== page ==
David McWilliams: Sacrificing jobs to protect landlords is plain wrong
THERE are few more evocative images in Irish history than the Irish tenant being evicted by Irish police on behalf of a foreign creditor. For many, this injustice sums up the primary reason for our independence struggle.
It is clear that without the legal system that favoured landlords over tenants, great national movements like the Land League would not have been founded. Ironically, a more flexible legal system would have done more to protect landlords than the rigid legal system, which was designed to secure the landlords' interests but led to their undoing.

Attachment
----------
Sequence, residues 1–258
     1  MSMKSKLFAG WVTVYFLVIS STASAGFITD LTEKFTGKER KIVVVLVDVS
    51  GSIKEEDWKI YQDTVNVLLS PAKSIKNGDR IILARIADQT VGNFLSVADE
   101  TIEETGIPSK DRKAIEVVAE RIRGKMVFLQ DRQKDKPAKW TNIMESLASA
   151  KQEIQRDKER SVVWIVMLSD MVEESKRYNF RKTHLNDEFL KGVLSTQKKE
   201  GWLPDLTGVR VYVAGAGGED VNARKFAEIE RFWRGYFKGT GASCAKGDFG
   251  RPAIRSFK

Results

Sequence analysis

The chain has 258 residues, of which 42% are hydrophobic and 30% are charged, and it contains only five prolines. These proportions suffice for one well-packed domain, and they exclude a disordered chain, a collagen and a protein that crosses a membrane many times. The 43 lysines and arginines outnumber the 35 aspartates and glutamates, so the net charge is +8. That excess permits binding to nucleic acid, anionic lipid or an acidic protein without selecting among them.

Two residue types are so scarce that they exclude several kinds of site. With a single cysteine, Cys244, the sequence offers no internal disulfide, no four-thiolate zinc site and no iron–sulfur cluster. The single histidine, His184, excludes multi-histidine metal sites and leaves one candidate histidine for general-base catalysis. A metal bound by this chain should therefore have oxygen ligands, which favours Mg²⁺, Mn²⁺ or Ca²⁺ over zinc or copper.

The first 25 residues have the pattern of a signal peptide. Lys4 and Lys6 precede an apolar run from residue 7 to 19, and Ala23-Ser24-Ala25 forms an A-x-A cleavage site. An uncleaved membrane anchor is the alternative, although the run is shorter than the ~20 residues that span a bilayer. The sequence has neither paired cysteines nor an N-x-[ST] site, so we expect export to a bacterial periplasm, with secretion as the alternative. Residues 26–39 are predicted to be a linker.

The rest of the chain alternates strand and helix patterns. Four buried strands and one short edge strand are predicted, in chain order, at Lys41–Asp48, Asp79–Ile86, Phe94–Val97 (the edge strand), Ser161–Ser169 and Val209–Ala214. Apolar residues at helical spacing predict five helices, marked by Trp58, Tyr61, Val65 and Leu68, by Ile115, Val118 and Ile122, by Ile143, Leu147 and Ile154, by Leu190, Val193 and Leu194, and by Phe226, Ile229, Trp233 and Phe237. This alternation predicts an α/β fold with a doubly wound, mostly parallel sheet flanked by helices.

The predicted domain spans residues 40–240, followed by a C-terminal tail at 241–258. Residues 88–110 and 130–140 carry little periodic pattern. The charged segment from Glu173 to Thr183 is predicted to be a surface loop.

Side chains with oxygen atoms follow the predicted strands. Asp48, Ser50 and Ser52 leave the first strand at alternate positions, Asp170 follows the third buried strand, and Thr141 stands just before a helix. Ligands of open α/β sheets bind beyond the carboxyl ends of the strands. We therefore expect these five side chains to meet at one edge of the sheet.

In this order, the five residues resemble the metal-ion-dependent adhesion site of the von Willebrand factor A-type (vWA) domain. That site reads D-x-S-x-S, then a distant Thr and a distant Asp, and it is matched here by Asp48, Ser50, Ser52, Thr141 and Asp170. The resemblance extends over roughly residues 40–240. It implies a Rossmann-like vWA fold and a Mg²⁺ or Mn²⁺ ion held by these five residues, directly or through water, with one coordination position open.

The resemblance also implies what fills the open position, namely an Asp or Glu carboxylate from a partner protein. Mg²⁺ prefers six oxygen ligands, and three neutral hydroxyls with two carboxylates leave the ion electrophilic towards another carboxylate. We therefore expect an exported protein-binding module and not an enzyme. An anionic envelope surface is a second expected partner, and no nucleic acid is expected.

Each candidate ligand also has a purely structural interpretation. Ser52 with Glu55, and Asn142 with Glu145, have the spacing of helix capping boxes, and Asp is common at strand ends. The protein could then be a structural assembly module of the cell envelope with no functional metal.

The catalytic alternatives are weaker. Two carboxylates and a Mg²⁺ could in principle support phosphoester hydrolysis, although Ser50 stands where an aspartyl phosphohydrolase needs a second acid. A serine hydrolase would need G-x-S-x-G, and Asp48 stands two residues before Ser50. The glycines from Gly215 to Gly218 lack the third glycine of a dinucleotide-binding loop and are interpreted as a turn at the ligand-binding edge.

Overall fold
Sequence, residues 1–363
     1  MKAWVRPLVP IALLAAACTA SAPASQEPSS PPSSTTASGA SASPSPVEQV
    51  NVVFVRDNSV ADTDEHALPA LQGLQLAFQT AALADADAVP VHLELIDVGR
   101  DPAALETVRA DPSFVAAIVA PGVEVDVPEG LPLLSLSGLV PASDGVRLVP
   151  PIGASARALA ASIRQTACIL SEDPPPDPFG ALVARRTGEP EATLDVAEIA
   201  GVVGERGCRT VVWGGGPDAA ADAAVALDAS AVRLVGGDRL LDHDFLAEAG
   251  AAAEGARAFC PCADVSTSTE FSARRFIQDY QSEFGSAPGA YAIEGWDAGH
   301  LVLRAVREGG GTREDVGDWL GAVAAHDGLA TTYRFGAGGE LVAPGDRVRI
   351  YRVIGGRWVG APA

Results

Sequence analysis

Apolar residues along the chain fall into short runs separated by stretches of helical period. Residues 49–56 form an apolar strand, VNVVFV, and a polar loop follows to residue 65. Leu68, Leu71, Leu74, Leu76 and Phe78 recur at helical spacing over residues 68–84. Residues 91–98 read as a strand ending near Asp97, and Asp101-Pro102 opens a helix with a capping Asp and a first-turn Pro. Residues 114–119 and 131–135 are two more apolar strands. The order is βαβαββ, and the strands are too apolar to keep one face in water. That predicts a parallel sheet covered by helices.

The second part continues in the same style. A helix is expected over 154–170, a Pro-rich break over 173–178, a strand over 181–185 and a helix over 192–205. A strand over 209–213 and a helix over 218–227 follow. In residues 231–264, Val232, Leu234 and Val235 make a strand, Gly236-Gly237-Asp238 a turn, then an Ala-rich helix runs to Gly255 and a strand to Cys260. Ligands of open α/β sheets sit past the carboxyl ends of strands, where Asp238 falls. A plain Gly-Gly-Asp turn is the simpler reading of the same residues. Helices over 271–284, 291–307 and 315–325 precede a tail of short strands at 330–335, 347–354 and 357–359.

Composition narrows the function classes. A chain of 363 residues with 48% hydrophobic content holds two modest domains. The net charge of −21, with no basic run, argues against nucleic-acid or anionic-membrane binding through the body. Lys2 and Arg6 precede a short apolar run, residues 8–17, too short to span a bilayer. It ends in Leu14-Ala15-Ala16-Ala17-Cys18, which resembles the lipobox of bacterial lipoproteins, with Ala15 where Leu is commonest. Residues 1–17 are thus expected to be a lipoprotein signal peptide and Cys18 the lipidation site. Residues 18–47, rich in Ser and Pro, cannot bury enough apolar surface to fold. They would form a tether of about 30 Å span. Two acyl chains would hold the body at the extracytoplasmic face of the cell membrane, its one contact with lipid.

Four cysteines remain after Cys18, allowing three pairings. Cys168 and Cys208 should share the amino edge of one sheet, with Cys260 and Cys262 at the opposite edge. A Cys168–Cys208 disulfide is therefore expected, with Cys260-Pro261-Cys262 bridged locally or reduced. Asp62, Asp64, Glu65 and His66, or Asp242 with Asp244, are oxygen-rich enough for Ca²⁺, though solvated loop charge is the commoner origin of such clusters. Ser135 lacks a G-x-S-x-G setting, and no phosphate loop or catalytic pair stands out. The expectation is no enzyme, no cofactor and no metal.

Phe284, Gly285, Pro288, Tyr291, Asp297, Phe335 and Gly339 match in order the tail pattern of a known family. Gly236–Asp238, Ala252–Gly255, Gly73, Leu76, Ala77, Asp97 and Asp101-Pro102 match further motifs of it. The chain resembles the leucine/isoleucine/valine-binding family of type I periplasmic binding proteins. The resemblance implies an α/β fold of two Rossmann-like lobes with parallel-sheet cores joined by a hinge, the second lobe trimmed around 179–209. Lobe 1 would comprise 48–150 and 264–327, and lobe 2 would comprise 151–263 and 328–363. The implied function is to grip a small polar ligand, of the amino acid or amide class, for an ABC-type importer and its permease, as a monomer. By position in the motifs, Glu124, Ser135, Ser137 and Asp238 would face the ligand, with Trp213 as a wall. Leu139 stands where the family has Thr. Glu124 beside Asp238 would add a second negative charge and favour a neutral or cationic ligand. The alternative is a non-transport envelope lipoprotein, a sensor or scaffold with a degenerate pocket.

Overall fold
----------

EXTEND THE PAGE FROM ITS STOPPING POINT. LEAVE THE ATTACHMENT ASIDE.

What is sometimes overlooked is that in some cases the landlords themselves were bankrupt and were evicting tenants at the behest of their own creditors. For much of the second half of the 19th Century, land prices fell in Ireland as global food prices dropped in response to an "invasion" of cheaper food and grain from the USA and Latin America. Many landlords were greedy and venal and deserved what they got, but some were not so evil and found themselves squashed by economic forces beyond their ability to control.